When Micayla Davis walks across the stage at White Auditorium today to accept her degree from Emporia State University, it will be the culmination of nine years of perseverance and determination.
Davis graduated from Emporia High School in May 2013 and entered ESU as a freshman in the fall. She chose accounting as her major, inspired by her mother, Marla Craig.
“My mom always said I was going to be an accountant because I love numbers. So it just kind of stuck,” she said.
The transition to college life was somewhat rocky for Davis. A failed class took her below the minimum hours required to keep part of her financial aid, but she worked extra hours to cover difference herself and persevered. Then in the spring of 2017, her father died unexpectedly.
“Most of my professors were amazing about working with me and I finished that semester strong, but then came all the ‘firsts’,” Davis recalled. “The first birthday without him, the first Christmas... The grief hit and my willpower, my creativity — I just kind of plummeted.”
During the week before finals in the fall of 2017, one of Davis’s professors called her in to discuss her grade.
“I had been to all the classes and taken the tests, but I hadn’t turned in any assignments. So he goes, ‘How do you expect to pass my class when you haven’t turned in a single assignment?’” she said.
The professor, Dr. George Durler, retired in 2021, but Davis credits him with pulling her out of her grief and helping her focus on her goals.
“He woke me up,” she said. “I explained to him the situation, that my dad passed away the semester before. He made me a deal. Because I had showed up to class, because I had taken the tests, he would give me an incomplete instead of failing me. That would allow me to take classes the next semester. But I also had to finish the work for this class with the added stipulation that I sought counseling from the Student Wellness Center.”
Davis agreed to the deal. She completed her coursework and attended counseling sessions, which not only helped her process the grief but revealed another surprise.
“[Counseling] ended up being a blessing because I also found out that I have ADHD,” she said. “Five years into college, I find this out and I’m thinking, ‘Well, that explains a lot.’”
With that diagnosis, Davis was able to utilize ESU’s Student Success and Support Services and receive accommodations such as more time to take tests and permission to record lectures so she could go back and listen for anything she missed.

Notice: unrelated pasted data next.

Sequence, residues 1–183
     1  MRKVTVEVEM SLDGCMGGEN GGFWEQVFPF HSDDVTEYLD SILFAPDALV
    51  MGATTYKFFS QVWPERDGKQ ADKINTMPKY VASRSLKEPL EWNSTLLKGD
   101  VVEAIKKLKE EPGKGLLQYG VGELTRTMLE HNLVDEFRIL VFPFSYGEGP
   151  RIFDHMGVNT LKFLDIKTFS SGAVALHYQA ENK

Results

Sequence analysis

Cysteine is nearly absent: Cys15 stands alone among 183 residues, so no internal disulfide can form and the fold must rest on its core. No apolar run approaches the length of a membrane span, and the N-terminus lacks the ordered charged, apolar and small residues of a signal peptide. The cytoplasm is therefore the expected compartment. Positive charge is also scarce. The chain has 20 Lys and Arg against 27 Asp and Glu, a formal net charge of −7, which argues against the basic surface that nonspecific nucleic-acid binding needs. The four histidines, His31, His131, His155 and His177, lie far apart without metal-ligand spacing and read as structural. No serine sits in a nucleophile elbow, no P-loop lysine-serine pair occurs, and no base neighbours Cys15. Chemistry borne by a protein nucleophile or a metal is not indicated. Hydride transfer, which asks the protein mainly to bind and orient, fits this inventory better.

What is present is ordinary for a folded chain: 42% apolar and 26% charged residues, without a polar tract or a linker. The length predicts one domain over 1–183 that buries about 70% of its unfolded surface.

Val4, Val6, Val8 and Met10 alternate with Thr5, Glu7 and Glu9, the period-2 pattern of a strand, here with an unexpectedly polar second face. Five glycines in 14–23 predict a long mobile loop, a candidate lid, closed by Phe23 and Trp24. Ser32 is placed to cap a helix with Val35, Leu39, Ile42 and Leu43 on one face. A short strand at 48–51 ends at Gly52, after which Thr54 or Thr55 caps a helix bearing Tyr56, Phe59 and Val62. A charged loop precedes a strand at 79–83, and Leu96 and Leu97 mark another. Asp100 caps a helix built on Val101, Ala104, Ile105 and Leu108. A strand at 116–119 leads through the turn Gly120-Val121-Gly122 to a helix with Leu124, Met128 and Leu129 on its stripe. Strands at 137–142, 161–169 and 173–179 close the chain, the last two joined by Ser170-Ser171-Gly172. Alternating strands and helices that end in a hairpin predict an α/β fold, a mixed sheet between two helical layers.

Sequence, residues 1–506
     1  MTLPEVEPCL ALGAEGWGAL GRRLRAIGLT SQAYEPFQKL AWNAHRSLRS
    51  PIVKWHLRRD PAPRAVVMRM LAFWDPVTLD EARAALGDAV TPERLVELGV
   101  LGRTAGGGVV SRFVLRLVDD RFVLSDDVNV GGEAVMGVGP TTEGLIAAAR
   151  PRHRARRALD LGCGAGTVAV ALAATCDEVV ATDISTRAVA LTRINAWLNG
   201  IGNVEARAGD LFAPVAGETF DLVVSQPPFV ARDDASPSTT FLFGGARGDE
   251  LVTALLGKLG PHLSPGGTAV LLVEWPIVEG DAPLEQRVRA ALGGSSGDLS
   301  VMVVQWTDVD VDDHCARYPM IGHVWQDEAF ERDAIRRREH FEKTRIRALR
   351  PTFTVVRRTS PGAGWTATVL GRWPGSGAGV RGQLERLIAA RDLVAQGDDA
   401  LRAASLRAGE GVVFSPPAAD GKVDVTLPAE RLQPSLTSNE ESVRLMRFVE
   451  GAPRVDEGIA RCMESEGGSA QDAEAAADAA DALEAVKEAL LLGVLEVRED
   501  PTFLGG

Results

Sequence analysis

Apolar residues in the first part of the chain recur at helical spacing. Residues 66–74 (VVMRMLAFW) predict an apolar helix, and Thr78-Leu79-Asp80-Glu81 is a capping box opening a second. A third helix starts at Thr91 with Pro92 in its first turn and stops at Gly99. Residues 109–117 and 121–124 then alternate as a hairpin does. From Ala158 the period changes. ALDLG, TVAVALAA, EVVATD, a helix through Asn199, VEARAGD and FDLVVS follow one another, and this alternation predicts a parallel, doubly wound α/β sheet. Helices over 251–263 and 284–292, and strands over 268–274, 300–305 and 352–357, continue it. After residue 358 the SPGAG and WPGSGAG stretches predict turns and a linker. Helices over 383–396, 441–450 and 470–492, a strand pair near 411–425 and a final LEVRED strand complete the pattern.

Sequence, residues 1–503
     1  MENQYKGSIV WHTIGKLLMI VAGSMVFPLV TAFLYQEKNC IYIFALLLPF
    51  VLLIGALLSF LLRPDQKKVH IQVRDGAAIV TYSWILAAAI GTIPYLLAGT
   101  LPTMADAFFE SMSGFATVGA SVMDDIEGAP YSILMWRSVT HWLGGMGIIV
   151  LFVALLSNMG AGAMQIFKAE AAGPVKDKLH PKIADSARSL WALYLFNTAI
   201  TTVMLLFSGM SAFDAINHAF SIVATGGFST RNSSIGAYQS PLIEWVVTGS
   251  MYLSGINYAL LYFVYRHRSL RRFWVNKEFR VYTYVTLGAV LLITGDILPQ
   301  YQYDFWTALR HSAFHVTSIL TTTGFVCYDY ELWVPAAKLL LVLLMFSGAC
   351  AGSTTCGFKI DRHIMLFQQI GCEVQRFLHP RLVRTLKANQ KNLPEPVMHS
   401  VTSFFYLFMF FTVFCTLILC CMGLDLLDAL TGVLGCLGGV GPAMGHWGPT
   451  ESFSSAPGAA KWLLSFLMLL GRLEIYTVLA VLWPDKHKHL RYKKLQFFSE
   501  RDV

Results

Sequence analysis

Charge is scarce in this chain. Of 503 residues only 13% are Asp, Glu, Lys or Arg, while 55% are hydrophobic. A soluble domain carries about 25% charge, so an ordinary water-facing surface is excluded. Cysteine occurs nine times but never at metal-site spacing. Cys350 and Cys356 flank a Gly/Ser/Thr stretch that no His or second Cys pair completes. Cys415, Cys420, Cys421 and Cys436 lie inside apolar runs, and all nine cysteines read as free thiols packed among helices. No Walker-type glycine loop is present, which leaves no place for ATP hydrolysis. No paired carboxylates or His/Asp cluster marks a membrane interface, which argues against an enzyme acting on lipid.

Following another difficult semester, Davis took some time off to consider whether to continue. Financial aid was no longer an option for her, so finishing her degree would require paying for everything herself.
“One of the reasons I chose ESU is because it’s inexpensive but still a good school,” she said. “I could live at home to save money, which was really the only financial contribution my family could make.”
Davis is the first person in her family to attend university, and the significance of that, coupled with her determination to finish what she started, ultimately made the decision for her. She set up a payment plan at ESU and enrolled in three or four credits per semester.
Davis’s mother said she was confident her daughter would figure out a way to finish her degree.
“I tell her often that no matter what, no one can call her a quitter,” Craig said. “She knew from the get-go that she was going to get her degree. Not doing it was simply not an option for her. I’m more proud than words can say.”
Gwen Larson, Director of Media Relations at ESU, is one of many faculty and staff at the university who helped Davis. She will be among those cheering when Davis receives her Bachelor of Science degree in Accounting.
“Micayla saw her goal — a college degree that would open doors in her chosen field — and she worked so very hard to make her dream a reality. I am just so proud of her and glad she discovered her inner strength to follow her path,” Larson said.
After graduation, Davis plans to work for a few months before possibly moving to pursue a career in business finance or tax accounting.
“I went through a lot of difficult times and it took longer than I ever expected, but it was worth it,” she said the day before taking her last final exam. “When I walk across that stage on Saturday, I’ll have proved that I’m strong, that I’m not a quitter.”